• Involvement of innovative lead rods in the construction joints every three arches, which simplifies the construction with a double purpose: to substitute the so called foundation framework or starter framework, performing the work and configuration of the construction joint itself, as well as to provide continuity to solve the problem related to water infiltration.
The innovative project, both in the shape and construction system from De la Hoz and Garcia Paredes becomes clear, i.e., to transpose the meaning of the original existing hut and to solve, in the most economical way possible, and with the simplest construction technique, the total capable volume of the shelter, eliminating the overlapping of professions, as well as inconvenient solutions for compatibility among different materials.
This paper recognizes the innovative project, in both the shape and construction system for dwellings. The underlying idea seems to be to maintain the features of the existing huts where people lived at that moment, and to solve, in the most economical way possible and with the simplest construction technique, the technological shelter.

Author Contributions

J.R.-F. conceived, designed and performed the experiments; C.R.-G. analyzed the data and edited the paper; C.G.-M. did the supervision, reviewed, edited, and was in charge of funding acquisition.


This research received no external funding.

Conflicts of Interest

The authors declare no conflict of interest.


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Figure 1. Ctesiphon houses in Palma del Río. Notice on the left side the old existing huts to be replaced by the new houses [3].
Figure 1. Ctesiphon houses in Palma del Río. Notice on the left side the old existing huts to be replaced by the new houses [3].
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Figure 2. Cross section map of military barracks designed by Waller in 1942 [6].
Figure 2. Cross section map of military barracks designed by Waller in 1942 [6].
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Figure 3. Christ the King church in Bristol (1951) [9].
Figure 3. Christ the King church in Bristol (1951) [9].
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Figure 4. Illustration of the Iberlar SA Patent, (Spain Patent No. 20930, 1952). In Figure 1, the frontal elevation of the structure with the shape of the arch in fragments is observed. You can also see the curved formwork to be used in the construction of the arch. Figure 4 has a longitudinal fragmentary section of the arc structure, showing two wavy ridges and an interposed corrugated part suspended from the formwork [12].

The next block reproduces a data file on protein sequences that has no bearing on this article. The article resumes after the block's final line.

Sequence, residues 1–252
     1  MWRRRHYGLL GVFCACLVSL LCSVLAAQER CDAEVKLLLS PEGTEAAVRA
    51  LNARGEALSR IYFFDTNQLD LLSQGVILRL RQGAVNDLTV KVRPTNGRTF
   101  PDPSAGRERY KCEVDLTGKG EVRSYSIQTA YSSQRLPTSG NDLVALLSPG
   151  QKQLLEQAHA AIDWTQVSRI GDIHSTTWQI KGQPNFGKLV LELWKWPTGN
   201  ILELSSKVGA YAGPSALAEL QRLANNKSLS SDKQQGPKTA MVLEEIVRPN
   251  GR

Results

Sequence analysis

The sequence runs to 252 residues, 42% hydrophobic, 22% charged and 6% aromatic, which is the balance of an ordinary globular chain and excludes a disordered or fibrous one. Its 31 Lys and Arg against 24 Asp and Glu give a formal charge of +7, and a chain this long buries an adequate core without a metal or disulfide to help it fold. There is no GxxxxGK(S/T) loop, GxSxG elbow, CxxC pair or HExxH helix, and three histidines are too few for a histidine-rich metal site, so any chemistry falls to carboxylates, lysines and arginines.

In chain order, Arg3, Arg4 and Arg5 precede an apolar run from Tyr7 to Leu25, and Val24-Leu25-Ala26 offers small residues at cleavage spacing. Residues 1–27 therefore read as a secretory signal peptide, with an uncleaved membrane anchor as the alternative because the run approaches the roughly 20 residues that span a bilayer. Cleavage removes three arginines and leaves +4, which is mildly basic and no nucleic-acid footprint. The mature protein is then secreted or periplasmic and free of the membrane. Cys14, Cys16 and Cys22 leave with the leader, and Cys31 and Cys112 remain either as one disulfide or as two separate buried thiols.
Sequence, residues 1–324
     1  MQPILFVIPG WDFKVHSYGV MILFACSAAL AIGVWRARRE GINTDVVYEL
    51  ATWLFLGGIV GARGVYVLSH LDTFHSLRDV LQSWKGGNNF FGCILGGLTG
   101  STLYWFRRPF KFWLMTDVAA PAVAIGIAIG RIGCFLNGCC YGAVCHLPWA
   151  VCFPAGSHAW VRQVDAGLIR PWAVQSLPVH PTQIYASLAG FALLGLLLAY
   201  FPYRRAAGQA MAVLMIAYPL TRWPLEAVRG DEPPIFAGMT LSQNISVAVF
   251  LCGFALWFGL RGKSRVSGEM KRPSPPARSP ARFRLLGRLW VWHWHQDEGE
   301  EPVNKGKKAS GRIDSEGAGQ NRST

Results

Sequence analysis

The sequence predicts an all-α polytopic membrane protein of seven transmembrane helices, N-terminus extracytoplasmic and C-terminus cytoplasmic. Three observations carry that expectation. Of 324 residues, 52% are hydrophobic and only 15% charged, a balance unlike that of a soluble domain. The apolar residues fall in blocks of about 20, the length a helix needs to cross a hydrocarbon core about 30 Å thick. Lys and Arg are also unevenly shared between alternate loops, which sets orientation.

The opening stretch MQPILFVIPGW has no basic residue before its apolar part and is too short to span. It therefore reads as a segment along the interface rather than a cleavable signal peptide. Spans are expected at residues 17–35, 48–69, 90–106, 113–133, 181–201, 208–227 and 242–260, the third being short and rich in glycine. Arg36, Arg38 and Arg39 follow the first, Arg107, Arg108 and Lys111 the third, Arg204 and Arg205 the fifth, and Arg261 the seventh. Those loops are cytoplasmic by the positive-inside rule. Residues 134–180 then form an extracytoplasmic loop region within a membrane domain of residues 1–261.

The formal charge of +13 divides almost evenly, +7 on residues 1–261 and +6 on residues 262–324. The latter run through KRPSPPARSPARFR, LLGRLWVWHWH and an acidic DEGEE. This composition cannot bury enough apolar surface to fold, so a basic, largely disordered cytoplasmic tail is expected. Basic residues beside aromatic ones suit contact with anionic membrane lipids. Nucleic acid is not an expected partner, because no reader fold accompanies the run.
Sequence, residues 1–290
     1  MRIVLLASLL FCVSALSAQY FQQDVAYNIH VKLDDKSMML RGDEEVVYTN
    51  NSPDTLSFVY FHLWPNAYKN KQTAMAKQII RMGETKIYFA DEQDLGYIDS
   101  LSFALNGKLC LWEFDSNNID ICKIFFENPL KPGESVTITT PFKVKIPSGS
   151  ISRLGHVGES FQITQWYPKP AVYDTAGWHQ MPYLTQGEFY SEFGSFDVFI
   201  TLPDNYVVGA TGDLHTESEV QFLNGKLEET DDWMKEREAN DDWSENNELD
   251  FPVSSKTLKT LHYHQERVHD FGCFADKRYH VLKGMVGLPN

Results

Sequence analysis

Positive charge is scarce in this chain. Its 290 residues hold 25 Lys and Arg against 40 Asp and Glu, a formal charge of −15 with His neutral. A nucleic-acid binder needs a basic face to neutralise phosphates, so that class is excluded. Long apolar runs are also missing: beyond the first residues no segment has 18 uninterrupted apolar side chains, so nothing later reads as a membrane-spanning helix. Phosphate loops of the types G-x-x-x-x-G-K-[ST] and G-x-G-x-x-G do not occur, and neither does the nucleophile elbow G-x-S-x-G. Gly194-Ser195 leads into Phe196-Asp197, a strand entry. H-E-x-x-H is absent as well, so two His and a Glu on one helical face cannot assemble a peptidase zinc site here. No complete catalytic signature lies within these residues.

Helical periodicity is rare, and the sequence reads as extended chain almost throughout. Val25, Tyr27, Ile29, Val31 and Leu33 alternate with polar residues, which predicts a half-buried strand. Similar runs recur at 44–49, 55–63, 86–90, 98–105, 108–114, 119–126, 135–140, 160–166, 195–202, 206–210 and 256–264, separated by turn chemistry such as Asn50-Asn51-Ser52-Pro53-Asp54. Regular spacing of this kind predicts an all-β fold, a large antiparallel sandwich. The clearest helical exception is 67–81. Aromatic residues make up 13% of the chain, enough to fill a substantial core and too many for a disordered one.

Figure 4. Illustration of the Iberlar SA Patent, (Spain Patent No. 20930, 1952). In Figure 1, the frontal elevation of the structure with the shape of the arch in fragments is observed. You can also see the curved formwork to be used in the construction of the arch. Figure 4 has a longitudinal fragmentary section of the arc structure, showing two wavy ridges and an interposed corrugated part suspended from the formwork [12].
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Figure 5. Houses in Palma del Río. Plans by the architects. (a) Floor Plan Distribution (b) Elevation plan and sections (La Hoz & García, 1953) [15].
Figure 5. Houses in Palma del Río. Plans by the architects. (a) Floor Plan Distribution (b) Elevation plan and sections (La Hoz & García, 1953) [15].
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Figure 6. Section and elevation of the Palma del Río houses.
Figure 6. Section and elevation of the Palma del Río houses.
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Figure 7. (a) Picture (b) Section and elevation of the Villaviciosa houses.
Figure 7. (a) Picture (b) Section and elevation of the Villaviciosa houses.
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Figure 8. Sample taking and characterization tests. The mortar layers in different phases are separated quite easily, as well as the interior layer of plaster with sacking reinforcement. Between the layers of mortar, each sample has the flexible chicken wire shuttering.
Figure 8. Sample taking and characterization tests. The mortar layers in different phases are separated quite easily, as well as the interior layer of plaster with sacking reinforcement. Between the layers of mortar, each sample has the flexible chicken wire shuttering.
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Figure 9. Thermographic image. Difference in temperature between the enclosure and the rest of the premises. The temperature of the enclosure is not transmitted to the inside, but it dispels through the laminate itself.
Figure 9. Thermographic image. Difference in temperature between the enclosure and the rest of the premises. The temperature of the enclosure is not transmitted to the inside, but it dispels through the laminate itself.
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Figure 10. Thermographic images taken in Villaviciosa de Cordoba, 2015. Constructive joints are detected each 4 arches or 3 waves.
Figure 10. Thermographic images taken in Villaviciosa de Cordoba, 2015. Constructive joints are detected each 4 arches or 3 waves.
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Figure 11. Hypothesis of Ctesiphon section in Palma del Río. (1) Chicken wire. (2) Triple mortar layer. (3) Inner layer of plaster and a sackcloth fabric. (4) Construction joint, strip of lead.
Figure 11. Hypothesis of Ctesiphon section in Palma del Río. (1) Chicken wire. (2) Triple mortar layer. (3) Inner layer of plaster and a sackcloth fabric. (4) Construction joint, strip of lead.
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Table 1. U-values Test Results.
Table 1. U-values Test Results.
W/(m2∙K)[°C] T int[°C] T wall[°C] T extT ext—T int